A reader was irate that I criticized higher education in a recent column. She threatened to cancel her subscription if I were permitted to write another such.
Democrats dominate politically in large part because "liberals and those further left dominate our public schools, colleges and universities, Hollywood and the news media," I wrote in "The Right Will Rise," Nov. 25. Young people voted against their interests because of "incessant indoctrination."
The opportunity to break the liberal stranglehold on the dominant institutions of our culture may arise soon, I said, because "newspapers are technologically obsolescent. So are colleges and universities. Both will be shaken in the hard times coming."
I'm sorry the truth so offends that reader. But I intend to keep telling it.
For more than 20 years, the cost of attending college has risen twice as fast as the cost of health care, four times as fast as the cost of living, 20 times as fast as the wages of the average college graduate.
Much of the increase in health care costs is due to profound (but very expensive) advances in medical technology. American universities "represent declining value for money to their students," declared the Economist magazine Dec. 1.
In a study of 3,000 students at 29 colleges and universities, professors Richard Arum and Josipa Roksa found that after two years, 45 percent, and after four years, 36 percent "did not demonstrate any significant improvement in learning."
The average cost of a year at a public university last year was $17,131, according to the College Board. For a year at a private college, the average cost was $38,589. Most of the middle class would already be priced out were it not for the federal student loan program, which is of far greater benefit to faculty and staff.
Student debt has increased 511 percent since 1999. Americans have shed other forms of personal debt since the 2008 recession began, but student debt has increased 25 percent. Only half of recent graduates have full time jobs. There are as many student loan debtors as adults with bachelor's degrees.
The 90-day delinquency rate on student loan repayment has "gone parabolic," to quote Tyler Durden at zerohedge.com. If the economy falls back into recession next year, defaults will skyrocket.
The college bubble is about to burst. When it does, the carnage will be awesome, because the Internet has rendered the present structure of higher education obsolescent. When, with a few keystrokes, he can access the Library of Congress, a student needn't go to the library at State U to study. A student at a second- or third-tier college need not settle for inferior instruction when she can "virtually" attend lectures from the greatest experts in her field, wherever they might be.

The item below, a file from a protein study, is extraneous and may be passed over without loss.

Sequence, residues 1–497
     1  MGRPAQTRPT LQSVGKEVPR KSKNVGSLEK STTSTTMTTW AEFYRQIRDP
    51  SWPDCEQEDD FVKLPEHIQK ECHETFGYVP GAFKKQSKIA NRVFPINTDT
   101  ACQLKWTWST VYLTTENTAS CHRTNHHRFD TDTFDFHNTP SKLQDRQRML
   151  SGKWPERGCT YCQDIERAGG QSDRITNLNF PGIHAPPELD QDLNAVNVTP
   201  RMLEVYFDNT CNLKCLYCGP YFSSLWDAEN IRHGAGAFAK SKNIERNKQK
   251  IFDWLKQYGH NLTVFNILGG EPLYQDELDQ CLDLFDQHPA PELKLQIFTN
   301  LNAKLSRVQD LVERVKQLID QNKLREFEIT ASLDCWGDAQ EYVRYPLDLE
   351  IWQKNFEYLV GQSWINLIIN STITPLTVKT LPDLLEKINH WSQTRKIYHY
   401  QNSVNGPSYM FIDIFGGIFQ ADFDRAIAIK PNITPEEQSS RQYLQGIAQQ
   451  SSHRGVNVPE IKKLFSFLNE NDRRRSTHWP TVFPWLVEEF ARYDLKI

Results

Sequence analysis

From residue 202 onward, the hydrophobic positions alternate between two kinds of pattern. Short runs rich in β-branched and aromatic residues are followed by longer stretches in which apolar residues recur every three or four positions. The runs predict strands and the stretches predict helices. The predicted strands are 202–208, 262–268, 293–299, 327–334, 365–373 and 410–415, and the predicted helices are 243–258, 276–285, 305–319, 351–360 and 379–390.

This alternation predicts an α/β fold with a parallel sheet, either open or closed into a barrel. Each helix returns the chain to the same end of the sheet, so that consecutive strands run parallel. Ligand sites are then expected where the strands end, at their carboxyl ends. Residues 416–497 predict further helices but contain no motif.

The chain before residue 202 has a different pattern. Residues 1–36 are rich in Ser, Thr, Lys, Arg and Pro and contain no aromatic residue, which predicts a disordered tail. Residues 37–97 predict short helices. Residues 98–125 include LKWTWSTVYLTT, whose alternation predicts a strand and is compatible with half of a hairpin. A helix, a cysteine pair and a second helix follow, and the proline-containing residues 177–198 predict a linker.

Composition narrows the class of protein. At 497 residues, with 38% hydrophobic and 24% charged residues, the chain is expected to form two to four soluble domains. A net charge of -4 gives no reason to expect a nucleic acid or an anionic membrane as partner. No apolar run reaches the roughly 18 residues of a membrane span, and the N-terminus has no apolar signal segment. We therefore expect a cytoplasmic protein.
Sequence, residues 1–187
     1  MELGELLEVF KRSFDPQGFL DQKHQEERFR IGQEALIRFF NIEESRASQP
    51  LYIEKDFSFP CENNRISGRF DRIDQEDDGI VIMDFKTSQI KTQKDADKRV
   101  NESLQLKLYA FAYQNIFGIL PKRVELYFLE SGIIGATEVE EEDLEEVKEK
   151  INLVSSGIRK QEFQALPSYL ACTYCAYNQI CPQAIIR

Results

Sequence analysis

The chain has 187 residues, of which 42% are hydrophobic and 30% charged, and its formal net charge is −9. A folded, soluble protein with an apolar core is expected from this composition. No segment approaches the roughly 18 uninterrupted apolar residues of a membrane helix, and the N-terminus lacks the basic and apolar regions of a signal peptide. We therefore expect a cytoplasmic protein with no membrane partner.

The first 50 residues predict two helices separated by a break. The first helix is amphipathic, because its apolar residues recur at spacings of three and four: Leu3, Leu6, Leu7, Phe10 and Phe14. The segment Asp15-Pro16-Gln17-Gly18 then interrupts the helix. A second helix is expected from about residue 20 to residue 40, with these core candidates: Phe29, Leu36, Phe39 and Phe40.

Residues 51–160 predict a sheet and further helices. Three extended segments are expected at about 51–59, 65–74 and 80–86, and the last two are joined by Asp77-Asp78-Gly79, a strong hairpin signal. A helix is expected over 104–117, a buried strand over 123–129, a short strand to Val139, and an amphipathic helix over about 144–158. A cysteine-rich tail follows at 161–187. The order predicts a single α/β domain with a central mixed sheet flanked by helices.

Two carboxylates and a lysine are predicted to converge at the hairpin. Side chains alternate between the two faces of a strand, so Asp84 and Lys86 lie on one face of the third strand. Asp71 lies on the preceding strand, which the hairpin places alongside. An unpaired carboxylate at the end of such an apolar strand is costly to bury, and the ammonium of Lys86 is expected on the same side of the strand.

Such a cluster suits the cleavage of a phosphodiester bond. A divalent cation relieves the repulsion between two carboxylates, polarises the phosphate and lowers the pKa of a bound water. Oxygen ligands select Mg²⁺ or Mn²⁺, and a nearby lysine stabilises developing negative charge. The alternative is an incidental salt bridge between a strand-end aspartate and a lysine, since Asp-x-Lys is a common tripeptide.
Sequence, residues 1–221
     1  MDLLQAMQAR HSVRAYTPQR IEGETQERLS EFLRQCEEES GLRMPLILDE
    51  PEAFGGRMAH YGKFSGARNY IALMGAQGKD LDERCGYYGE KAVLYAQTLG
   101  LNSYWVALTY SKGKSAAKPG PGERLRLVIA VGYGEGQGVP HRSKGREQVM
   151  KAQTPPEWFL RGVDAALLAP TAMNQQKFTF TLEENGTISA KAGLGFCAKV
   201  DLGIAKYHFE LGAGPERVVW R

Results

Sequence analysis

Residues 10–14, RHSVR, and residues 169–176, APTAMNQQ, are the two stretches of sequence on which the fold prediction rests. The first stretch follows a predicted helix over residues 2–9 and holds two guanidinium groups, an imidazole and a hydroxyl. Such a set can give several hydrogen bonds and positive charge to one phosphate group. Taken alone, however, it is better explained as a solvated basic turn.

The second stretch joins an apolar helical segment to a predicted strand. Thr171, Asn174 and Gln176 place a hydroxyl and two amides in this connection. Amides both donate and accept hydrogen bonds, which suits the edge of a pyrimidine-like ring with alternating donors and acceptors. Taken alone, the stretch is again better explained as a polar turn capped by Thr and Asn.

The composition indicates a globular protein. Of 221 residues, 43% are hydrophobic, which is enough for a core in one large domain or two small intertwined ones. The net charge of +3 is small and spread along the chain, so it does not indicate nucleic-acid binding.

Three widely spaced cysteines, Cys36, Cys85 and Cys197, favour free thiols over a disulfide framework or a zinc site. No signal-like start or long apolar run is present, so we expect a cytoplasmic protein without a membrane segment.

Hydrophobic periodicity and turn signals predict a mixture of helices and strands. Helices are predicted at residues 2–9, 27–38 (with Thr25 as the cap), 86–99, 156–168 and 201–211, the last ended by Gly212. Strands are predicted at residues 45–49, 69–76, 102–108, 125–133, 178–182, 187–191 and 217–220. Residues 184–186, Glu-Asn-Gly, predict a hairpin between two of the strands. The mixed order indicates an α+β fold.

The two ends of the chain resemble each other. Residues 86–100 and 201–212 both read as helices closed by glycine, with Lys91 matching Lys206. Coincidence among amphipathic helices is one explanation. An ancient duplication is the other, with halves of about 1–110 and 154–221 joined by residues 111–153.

The cost of a college education could be cut substantially, and its quality improved. But the opposite is happening, because taking full advantage of the Internet would permit -- would indeed require -- a dramatic reduction in the size of college faculty and staff. Since colleges and universities are run chiefly for the benefit of the faculty and administration, reform is bitterly resisted.
We like the old and familiar. We fear the unknown. Resistance to change in an institution is proportional to its insulation from market forces. In education, insulation has been profound. But eventually, reality intrudes. The chief consequence of delaying adaptation to it is typically a bigger crash when the crash inevitably comes.
The ability as well as the willingnessness of most Americans in the middle class to pay ever more for ever less is at, or near, the saturation point. But most in academia think the Democratic victory Nov. 6 means the student debt bubble can be inflated indefinitely. There's no need for reform -- at least not yet. The plunge in enrollment that's just around the corner will be a shock.
Some subjects -- especially in the hard sciences where a lot of lab work is required -- are not conducive to online instruction. Many students require the stimulation, motivation and supervision that can be provided only in actual -- as opposed to virtual -- classrooms. And there's much to be said for the socialization experience of campus life.
But the schools which weather the storm will be those which make it possible for students to do the equivalent of two to five semesters of work (depending on their major) online, and which provide ample and meaty online courses to satisfy requirements.
Jack Kelly is a columnist for the Post-Gazette (firstname.lastname@example.org, 412-263-1476).